The problem is that measuring an economy in a secure way is a difficult problem. The most obvious metric that the system has access to is mining difficulty, but mining difficulty also goes up with Moore's law and in the short term with ASIC development, and there is no known way to estimate the impact of Moore's law alone and so the currency cannot know if its difficulty increased by 10x due to better hardware, a larger user volume or a combination of both. Other metrics, such as transaction count, are potentially gameable by entities that want the supply to change in a particular direction (generally, holders want a lower supply, miners want a higher supply).
This is solidified by revisiting the whitepaper, specifically the section which identifies how ASICs will be economically stymied:
This model is untested, and there may be difficulties along the way in avoiding certain clever optimizations when using contract execution as a mining algorithm. However, one notably interesting feature of this algorithm is that it allows anyone to "poison the well", by introducing a large number of contracts into the blockchain specifically designed to stymie certain ASICs. The economic incentives exist for ASIC manufacturers to use such a trick to attack each other. Thus, the solution that we are developing is ultimately an adaptive economic human solution rather than purely a technical one.
So with the Ethereum team providing only an economic reason to not develop an ASIC since the beginning, there has been no lie.
Second batch of E3s will not be profitable with Ethereum
As a response to the developers announcing that they are not initiating a hard fork, Bitmain raised the price of the second batch of E3s to $1800. With a PSU ($105) and shipping costs ($225), plus duty fees ($25). That brings each E3 up to $2,155, or $11.97 per MH. Comparatively, this is like paying $300 per GPU ($1800) plus Mobo/PSU/risers ($355). I have built rigs with similar hashrates for under $1,900 ($10.50 per MH). If we speculate that Casper is as close as we think (see below), coupled with the rising difficulty, the second batch of E3s are not likely to break-even with Ethereum as a whole. If ETH rises to its ATH, the second batch units may be profitable. Tis the risk of mining.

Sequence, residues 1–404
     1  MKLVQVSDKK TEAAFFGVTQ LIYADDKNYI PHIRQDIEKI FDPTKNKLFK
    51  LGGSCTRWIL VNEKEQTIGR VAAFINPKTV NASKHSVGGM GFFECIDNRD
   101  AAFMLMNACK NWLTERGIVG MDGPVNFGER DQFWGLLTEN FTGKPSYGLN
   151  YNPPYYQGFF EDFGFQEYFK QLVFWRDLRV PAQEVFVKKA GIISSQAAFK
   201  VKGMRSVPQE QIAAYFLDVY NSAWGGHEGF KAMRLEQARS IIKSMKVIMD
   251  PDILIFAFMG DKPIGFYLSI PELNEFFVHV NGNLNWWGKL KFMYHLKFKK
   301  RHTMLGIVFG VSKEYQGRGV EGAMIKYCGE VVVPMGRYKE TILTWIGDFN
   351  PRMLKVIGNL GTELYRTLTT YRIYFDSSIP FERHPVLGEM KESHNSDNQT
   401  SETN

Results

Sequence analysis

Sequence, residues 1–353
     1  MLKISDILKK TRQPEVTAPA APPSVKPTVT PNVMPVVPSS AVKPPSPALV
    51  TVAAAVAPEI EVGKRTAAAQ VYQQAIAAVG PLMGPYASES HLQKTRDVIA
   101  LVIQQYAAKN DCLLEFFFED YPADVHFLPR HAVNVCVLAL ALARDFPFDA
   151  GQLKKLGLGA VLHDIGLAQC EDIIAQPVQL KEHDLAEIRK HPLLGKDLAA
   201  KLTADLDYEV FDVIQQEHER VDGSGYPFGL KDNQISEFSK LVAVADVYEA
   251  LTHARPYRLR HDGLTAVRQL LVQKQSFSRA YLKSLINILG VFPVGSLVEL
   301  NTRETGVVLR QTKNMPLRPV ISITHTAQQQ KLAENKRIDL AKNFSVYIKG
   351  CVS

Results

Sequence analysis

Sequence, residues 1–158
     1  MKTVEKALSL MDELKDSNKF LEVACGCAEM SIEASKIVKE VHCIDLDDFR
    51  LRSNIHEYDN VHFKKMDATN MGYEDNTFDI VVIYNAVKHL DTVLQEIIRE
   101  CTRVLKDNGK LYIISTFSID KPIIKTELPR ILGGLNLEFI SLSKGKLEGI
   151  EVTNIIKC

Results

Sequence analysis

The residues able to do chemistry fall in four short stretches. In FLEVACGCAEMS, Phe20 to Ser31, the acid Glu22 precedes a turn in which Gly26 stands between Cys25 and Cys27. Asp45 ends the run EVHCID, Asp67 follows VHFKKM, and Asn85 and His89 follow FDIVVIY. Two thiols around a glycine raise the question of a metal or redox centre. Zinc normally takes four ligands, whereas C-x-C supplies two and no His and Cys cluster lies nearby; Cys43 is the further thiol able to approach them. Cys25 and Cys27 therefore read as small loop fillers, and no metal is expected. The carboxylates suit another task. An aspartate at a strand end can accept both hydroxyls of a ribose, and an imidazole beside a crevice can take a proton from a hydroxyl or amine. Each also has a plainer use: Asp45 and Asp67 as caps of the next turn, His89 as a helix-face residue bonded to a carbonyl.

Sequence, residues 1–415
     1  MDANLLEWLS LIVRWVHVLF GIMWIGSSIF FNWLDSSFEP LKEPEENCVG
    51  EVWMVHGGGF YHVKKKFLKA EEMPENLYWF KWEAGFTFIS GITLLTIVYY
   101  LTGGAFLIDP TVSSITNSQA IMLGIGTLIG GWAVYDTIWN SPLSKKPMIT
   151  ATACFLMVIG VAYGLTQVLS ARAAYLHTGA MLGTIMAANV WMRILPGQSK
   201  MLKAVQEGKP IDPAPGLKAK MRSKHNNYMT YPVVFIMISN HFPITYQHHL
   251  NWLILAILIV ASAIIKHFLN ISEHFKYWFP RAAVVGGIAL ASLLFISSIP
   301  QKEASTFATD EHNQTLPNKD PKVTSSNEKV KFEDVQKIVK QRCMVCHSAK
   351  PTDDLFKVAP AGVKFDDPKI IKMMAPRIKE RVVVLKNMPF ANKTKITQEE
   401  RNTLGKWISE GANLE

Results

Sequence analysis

ASICs are bad!
In the Ethereum mining community, ASICs to be viewed as a formidable commodity, when they should rather be viewed as a tool. Tools are never inherently good or bad, but how they are used can be, and some developers intend for the coin to eventually be used with an ASIC. Some coins, such as Sia, were designed to specifically work with an ASIC. > 51% centralization is bad.
Bitmain has a better ASIC.
Probably. But this is an unknown. Speculation of an ASIC is not a reason to fork the second largest cryptocurrency.
Bitmain will be a cause for centralization
Everything should be a concern for centralization. Hell, early miners can be a bigger concern. The principals of economies of scale still apply to mining; so those who started out with a lot of GPUs are heavily mining. I've set up warehouses full of GPUs for clients, so if you think some of the guys here are big shots, I promise you there are larger concerns for the current state of centralization.
I will also note that yes, we will need to worry about a mass-manufacturer of just ASICs, especially if they are pumping out > 30,000 units per month at the current rate. But the firm that uncovered Bitmain's ASIC, Susquehannah, claims that there are at least three other ASIC manufacturers out there. This puts some silent competition on Bitmain.
Ethereum is not as centralized as Bitcoin
You'd think that, and the goal of the whitepaper was for Ethereum to be less centralized as bitcoin. It even mentions that "three mining pools indirectly control roughly 50% of processing power in the Bitcoin network." Ethereum is in this state already. Ethermine controls ~28% of the network hashrate, F2pool has ~17%, and SparkPool has ~15%. Arguably, the Ethereum network is in a more sensitive state.
Casper is right around the corner.
This has been speculation for some time now. Developers confirmed that testnet should be fully operational by August, meaning that we may be able to expect PoS hybrid by DecembeJanuary assuming everything goes as planned.
Dev team does not care about miners